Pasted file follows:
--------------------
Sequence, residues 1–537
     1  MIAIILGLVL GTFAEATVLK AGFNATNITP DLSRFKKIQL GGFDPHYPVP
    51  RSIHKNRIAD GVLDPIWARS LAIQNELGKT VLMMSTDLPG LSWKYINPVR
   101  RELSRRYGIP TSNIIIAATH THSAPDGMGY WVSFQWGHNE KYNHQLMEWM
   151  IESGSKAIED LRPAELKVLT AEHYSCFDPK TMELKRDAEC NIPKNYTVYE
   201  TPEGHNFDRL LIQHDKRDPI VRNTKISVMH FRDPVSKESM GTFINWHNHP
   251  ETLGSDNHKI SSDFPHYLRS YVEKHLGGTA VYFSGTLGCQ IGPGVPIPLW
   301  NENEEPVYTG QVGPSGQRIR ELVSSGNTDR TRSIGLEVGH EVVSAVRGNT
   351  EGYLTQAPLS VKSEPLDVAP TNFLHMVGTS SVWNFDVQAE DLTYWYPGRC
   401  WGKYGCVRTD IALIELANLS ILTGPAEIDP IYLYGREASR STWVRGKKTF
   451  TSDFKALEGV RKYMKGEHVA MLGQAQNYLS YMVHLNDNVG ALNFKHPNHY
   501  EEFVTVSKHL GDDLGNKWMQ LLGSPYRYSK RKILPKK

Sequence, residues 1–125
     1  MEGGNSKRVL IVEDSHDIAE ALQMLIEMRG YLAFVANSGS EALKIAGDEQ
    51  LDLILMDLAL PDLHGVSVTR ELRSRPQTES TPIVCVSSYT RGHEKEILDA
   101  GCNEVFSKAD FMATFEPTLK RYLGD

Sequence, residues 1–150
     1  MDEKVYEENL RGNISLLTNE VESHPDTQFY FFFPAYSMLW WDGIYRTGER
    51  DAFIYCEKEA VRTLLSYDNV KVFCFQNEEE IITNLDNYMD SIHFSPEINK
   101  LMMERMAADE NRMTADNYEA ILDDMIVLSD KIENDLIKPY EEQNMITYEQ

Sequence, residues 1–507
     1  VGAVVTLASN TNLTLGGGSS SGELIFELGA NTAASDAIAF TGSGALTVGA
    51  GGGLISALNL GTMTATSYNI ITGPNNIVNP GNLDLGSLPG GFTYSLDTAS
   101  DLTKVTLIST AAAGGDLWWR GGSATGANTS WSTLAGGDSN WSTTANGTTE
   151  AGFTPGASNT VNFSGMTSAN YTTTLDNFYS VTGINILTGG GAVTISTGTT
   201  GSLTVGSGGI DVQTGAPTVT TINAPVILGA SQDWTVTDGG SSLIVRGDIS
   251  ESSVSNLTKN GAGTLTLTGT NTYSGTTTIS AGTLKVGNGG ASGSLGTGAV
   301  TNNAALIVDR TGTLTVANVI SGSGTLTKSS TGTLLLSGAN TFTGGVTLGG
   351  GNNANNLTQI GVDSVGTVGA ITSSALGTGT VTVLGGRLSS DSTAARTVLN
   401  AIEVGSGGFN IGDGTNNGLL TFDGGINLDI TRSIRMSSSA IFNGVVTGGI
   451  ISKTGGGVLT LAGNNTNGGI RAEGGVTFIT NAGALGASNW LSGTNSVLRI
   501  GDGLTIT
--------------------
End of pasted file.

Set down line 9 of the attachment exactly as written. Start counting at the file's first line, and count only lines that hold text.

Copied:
   351  EGYLTQAPLS VKSEPLDVAP TNFLHMVGTS SVWNFDVQAE DLTYWYPGRC